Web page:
Pelosi did indeed give Philonise Floyd a folded American flag after he testified at a House committee meeting on June 10, 2020.
However, anyone can present a folded flag to any person, regardless of his/her relation to a veteran, and for any reason.
On June 10, 2020 — one day after the funeral of George Floyd, a Black man who died in the custody of Minneapolis police and sparked a national reckoning over racism and police brutality — Floyd’s younger brother, Philonise Floyd, testified before the U.S. House Judiciary Committee. In the roughly five-minute speech, he described his sibling’s death as one in a series of senseless killings of Black men by American cops and asked the committee to “stop the pain” for families like his.
“People of all backgrounds, genders and races have come together to demand change — honor them, honor George, and make the necessary changes that make law enforcement the solution and not the problem,” he testified. “The people marching in the streets are telling you enough is enough.”
Hours after the testimony, U.S. House Speaker Nancy Pelosi, who is not a member of the committee, tweeted the below-displayed post to publicize his participation in the hearing and to apparently show her followers that she supported him.
The tweet quickly drew criticism online among supporters of U.S. President Donald Trump, veterans, and their families who alleged the tweet and its photos showed Pelosi inappropriately giving a folded American flag in a presentation case to Philonise Floyd; they claimed such a gesture was reserved only for the relatives of members of the U.S. Armed Forces or police officers after they die. “What a slap in the face to service members,” one person tweeted.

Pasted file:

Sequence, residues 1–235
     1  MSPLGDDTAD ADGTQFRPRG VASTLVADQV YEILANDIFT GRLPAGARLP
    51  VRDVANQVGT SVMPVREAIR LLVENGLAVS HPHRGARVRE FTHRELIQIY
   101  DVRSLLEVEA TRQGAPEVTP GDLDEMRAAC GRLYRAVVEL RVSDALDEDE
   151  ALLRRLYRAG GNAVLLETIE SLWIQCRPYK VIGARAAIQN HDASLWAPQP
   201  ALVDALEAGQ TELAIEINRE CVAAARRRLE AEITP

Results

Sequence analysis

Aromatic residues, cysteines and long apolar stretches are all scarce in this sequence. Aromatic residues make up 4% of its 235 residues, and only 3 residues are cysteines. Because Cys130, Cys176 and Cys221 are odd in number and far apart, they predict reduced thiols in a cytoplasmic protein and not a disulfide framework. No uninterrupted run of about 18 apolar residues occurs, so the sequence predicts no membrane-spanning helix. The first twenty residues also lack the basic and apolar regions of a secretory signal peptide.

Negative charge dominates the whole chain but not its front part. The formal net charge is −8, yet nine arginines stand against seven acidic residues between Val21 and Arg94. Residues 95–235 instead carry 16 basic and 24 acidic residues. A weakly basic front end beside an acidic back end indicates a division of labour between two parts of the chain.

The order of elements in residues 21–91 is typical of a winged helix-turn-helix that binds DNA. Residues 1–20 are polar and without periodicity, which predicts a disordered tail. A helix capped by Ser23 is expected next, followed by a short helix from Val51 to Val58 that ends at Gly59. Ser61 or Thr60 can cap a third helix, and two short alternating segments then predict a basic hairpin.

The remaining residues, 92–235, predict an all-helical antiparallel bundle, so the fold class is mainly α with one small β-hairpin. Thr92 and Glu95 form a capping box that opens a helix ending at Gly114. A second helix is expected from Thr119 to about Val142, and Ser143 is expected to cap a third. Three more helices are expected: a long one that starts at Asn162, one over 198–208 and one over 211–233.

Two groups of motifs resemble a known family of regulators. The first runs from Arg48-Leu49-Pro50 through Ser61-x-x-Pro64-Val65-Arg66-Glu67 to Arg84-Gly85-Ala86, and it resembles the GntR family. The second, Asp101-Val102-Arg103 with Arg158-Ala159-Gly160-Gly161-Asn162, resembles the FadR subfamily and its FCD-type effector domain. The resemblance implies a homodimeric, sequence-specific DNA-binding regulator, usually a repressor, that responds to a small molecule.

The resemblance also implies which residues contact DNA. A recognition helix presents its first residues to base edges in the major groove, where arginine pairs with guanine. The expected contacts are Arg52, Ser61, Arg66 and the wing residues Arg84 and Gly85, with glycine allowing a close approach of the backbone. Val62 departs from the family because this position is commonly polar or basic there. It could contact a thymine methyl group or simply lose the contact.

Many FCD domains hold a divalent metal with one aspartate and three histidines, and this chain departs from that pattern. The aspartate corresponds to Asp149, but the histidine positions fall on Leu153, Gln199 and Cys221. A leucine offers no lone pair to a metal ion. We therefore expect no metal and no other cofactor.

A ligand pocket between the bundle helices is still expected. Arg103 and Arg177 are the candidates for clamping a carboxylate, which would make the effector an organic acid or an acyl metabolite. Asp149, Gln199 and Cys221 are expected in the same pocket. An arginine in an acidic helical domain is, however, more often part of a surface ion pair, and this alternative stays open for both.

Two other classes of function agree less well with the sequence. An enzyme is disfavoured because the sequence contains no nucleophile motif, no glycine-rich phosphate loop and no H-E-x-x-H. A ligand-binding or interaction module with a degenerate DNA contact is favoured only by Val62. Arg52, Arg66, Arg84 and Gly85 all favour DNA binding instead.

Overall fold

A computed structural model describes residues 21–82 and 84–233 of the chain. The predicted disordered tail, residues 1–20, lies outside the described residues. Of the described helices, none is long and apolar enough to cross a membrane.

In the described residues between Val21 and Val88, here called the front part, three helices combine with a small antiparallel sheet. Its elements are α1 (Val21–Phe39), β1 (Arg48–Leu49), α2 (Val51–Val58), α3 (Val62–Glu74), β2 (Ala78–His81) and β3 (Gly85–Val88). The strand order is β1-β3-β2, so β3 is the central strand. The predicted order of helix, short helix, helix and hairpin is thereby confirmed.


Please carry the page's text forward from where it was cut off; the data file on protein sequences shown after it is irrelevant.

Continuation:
Peggy Hubbard, who is a retired Navy veteran, former police officer, and Republican candidate in Illinois’ 2020 Senate race, added to the criticism with a viral Facebook video in which she made vague references to a group of people who have disrespected the flag (presumably during protests against police brutality in the wake of George Floyd’s death) and claimed Democrats had committed an offense by giving Philonise Floyd a folded American flag that is “preserved for veterans.” She said:
Nancy Pelosi presented George Floyd’s family with the … same flag that these assholes burned, the same flag that they stood on and peed on, the same flag that they wiped their butts on, she turns around and gives this man, a convicted felon, never served in the military, never did a good thing for our country … and [Pelosi] turns around and gives his family the American flag. …